Creative Soccer Culture

How Inspector Nuggs Designed Our Dope “ON A PLATE” Creative Soccer Culture Tour Mementos

We touch base with the Cheddar-based tattoo artist and graphic designer who nailed this Creative Soccer Culture commission with flair and originality.

For Andy Martin, aka Inspector Nuggs, the purest forms of football and illustration require the same effort. “Drawing is like dribbling,” the multidisciplinary creative explains. “I dance and play around with it. There’s not a clear-cut way of how I’m going to get there when I start, but I always keep the ball up.”

This was true of his experience designing a bespoke New York City and Copa América-themed plate for the latest installment of SoccerBible’s “ON A PLATE” Creative Soccer Culture Tour, in partnership with adidas, on 9 June. Adorned with graphics of taxi cabs, melting pizza slices, and even a fully kitted-out Lady Liberty, Nuggs’ goal was to visually tell the unique story of creative soccer culture in The City that Never Sleeps. 

The Cheddar-based tattoo artist, graphic designer, illustrator, and lifelong Bristol City fan’s creative work is inextricably tied to his footballing roots. “In the UK, football is everything,” he says. With his ongoing work for SoccerBible’s “ON A PLATE” tour, in which he has designed menus, pennants, clothing, and now dinnerware, Nuggs is helping bring that same love of the game to the United States. 

Here, SoccerBible spoke to Nuggs about his creative persona, footballing roots, design process, and the current state of creative soccer culture.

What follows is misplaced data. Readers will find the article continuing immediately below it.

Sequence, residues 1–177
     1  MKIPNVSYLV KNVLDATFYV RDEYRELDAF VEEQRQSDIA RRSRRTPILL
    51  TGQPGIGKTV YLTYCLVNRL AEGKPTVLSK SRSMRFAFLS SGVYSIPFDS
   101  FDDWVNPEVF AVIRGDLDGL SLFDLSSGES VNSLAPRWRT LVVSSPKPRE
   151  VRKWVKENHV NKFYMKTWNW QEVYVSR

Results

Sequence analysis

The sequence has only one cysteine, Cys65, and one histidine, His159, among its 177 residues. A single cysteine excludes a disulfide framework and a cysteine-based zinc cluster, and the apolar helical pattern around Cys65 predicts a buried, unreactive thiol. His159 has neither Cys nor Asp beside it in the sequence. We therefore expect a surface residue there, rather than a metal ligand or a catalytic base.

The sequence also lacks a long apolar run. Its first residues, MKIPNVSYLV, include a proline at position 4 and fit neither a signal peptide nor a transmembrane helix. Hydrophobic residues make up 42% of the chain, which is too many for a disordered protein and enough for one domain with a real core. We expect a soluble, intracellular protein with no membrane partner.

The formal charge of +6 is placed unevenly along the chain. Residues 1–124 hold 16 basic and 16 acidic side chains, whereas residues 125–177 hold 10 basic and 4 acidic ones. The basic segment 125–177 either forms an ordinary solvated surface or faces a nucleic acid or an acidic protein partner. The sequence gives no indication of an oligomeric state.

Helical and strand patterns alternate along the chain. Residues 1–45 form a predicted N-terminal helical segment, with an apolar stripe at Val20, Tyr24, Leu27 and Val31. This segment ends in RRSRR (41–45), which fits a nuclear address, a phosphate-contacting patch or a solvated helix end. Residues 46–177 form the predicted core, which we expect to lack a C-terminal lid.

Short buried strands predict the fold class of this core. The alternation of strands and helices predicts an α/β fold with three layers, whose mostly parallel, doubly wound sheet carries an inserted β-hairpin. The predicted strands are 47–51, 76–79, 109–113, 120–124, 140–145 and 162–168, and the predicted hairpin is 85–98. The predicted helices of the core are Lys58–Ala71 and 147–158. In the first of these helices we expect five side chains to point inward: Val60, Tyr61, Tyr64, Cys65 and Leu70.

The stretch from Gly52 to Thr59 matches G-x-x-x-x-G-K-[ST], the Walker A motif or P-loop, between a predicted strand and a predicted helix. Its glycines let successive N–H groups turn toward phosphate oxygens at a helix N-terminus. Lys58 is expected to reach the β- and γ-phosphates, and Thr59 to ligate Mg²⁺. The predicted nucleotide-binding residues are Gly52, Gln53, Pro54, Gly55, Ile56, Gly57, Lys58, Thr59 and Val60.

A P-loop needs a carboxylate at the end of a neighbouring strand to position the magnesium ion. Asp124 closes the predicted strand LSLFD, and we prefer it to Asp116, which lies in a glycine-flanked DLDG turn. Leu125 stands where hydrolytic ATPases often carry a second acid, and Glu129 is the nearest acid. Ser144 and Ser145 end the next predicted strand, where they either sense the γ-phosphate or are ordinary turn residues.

Tell us about yourself and the story behind your alias?

Inspector Nuggs: “I was thinking about the difference between the two personas yesterday. It all starts with my childhood obsession with wrestling, particularly luchadors. In Mexican culture, a luchador is just a regular working person, but as soon as they put on the mask, they’re this superhero-type character and can reinvent themselves. I've always suffered from social anxiety and my art was the way to channel it; it all kind of lined up perfectly–my obsession with luchadors and my art becoming my mask.”

What was your introduction to luchador culture?

Inspector Nuggs: “Watching WWE growing up, luchadors were always my favorite wrestlers. With football as well, my favorite players are the ones who show their flair, like Ronaldinho.”

So Inspector Nuggs can be understood as your luchador persona when it comes to your creative work?

Inspector Nuggs: “This past month I've gotten sober, and now that I'm sober, I feel so much more able to tackle the anxiety rather than suppressing it. And that, my wanting to suppress it, was what formed the mask in a way.”

Your main creative medium is tattooing. How do you think that's helped you deal with your social anxiety? 

Inspector Nuggs: “It's a very social job. With my drawing, I was always wearing that mask as my coping mechanism. But when it came to tattooing, I didn't need that; I would spill my soul to the person I was tattooing. As soon as we were done with the tattoo and it would just be us having a conversation, then the anxiety would kick in, and it was like, ‘Oh, what? How do I talk? Where do I look?’ With my sobriety, I can feel the two personas merging and that separation isn't there as much anymore.”

You said that your favorite footballer was Ronaldinho because of the very famous flair that the Brazilian had in his game. What’s your flair, what makes you a little bit Ronaldinho?

Inspector Nuggs: “Growing up playing football, I was taught that when the ball's up in the air, get it on the ground. But with Ronaldinho, just when you thought he should stop and turn around and pass the ball, he would decide to flick it over the person's head instead and keep the ball up. It comes down to his originality; and for me, as an artist, I've always wanted to leave my legacy and be as original as I can be.”

In terms of your career, what has been something you've been able to bring your spontaneity to? What was creating the plate for SoccerBible's “On a Plate Dinner” like?